20 most worthless pieces of junk: #12 -- bargain DVDs

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bad dvdsLet's face it: An outstanding film DVD can't hold a candle to an outstanding album. When you own a favorite piece of music, you may not tire of it after thousands of listens, whereas even the best films on DVD lose their sheen after maybe six plays. That is, unless you're trying to memorize every splinter of dialogue from "The Big Lebowski."

This is why bargain DVDs, even if you pay just a dollar for them, represent nothing more than stealth, dust-gathering clutter slabs. Almost always, the novelty of seeing Sarah Jessica Parker or Brad Pitt in their first motion picture roles wears off after five minutes-and that's if you've landed a title with at least some curiosity factor.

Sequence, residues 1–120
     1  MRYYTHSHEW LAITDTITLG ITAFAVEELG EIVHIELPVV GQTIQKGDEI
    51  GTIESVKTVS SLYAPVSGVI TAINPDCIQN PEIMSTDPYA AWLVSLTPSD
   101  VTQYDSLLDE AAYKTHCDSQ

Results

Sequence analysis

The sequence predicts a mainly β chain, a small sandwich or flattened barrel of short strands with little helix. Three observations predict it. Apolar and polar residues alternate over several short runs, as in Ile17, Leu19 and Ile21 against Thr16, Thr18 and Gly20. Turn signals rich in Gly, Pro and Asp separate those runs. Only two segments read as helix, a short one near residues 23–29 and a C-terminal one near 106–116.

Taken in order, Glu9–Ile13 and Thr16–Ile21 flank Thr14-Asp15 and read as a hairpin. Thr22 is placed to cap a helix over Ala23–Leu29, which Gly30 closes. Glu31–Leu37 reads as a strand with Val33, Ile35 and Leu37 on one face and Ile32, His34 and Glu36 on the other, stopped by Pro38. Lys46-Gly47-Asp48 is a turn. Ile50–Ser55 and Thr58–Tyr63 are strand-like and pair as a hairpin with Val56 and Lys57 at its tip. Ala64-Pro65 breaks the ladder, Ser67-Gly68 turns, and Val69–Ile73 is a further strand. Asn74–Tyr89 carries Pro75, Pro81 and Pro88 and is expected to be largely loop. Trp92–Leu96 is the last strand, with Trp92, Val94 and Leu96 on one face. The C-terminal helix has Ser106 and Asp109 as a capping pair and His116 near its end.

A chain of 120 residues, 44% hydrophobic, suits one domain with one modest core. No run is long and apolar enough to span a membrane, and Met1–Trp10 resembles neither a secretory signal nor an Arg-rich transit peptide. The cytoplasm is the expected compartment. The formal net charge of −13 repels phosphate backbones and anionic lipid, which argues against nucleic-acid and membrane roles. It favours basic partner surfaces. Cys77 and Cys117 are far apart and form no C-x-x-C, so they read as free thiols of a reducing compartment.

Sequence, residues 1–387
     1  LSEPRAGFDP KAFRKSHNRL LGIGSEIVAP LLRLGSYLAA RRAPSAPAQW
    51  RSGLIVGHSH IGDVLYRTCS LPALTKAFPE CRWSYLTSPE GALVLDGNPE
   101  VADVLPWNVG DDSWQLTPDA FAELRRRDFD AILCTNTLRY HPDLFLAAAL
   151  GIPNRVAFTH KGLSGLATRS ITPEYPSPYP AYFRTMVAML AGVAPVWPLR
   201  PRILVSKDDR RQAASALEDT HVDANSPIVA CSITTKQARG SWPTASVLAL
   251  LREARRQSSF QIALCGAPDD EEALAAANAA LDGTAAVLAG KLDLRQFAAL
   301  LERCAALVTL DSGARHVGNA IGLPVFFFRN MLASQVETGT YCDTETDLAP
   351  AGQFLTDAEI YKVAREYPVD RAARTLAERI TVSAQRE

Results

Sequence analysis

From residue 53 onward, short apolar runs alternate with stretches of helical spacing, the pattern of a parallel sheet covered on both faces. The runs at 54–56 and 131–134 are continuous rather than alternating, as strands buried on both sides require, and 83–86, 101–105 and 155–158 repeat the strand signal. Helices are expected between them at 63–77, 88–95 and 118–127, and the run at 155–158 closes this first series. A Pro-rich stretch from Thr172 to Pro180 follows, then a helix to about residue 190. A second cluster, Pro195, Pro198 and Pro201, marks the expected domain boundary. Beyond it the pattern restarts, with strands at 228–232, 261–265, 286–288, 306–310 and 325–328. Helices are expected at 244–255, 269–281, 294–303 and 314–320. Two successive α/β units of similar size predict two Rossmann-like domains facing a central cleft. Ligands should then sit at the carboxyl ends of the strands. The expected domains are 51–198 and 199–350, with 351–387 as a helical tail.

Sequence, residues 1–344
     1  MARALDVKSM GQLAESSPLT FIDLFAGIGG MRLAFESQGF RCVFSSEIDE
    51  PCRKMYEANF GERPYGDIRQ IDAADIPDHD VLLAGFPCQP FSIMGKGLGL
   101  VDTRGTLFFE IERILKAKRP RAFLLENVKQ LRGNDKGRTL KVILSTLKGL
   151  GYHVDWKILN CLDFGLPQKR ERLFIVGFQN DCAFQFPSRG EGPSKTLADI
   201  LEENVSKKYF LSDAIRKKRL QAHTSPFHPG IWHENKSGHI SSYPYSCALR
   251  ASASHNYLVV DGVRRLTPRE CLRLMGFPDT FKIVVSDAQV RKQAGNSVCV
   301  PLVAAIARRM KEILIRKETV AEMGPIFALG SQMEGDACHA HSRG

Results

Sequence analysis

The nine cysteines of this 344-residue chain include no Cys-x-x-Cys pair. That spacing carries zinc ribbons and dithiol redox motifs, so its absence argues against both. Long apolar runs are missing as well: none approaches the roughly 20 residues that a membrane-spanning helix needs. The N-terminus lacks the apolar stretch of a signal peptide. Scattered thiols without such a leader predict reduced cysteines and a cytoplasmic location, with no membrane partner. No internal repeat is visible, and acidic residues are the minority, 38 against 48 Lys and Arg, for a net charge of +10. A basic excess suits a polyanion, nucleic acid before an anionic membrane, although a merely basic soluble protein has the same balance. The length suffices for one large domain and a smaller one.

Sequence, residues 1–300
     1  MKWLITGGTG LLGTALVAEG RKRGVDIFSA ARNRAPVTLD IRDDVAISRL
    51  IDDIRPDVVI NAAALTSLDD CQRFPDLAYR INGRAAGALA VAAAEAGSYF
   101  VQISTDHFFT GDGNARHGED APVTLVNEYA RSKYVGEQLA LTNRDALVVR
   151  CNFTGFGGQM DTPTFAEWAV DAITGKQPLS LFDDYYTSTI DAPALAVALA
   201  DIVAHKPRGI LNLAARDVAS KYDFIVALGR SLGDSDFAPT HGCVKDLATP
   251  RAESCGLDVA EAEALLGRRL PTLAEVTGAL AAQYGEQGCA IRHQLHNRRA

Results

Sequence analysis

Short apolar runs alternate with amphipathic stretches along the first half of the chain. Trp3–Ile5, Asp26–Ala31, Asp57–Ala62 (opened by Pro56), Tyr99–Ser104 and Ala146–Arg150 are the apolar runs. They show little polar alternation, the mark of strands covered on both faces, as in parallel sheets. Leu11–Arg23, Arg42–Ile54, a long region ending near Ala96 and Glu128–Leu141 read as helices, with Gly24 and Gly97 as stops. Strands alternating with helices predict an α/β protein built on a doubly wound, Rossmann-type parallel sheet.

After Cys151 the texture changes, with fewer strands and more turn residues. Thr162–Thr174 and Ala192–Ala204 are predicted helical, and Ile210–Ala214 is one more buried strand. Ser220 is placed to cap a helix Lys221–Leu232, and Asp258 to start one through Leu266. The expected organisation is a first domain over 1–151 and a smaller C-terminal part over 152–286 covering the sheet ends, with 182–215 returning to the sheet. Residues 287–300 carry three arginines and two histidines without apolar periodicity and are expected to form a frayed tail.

As the Chicago Tribune's DVD critic for two years, I saw all manner of budget dreck cross my desk. That included everything from 1940s "lost classic" movies (usually, these were lost in 1942 because no one bothered to look them up again) to repackaged B movies with "bonus features." These usually amounted to nothing more than the trailer and a still photo gallery with lame-o captions.

To borrow a cliché from the compact disc world, budget DVDs can make sense if repurposed as drink coasters or Frisbees, but that's about it. When cleaning the basement, you must promise yourself, if you spot one, not to give in to the siren cries of the Great Hoarding God. Box them up, take them to a local thrift store ... and don't even hang them from you car rear view, lest the cop that pulls you over begins to wonder about your bad taste as well as your traffic violation.
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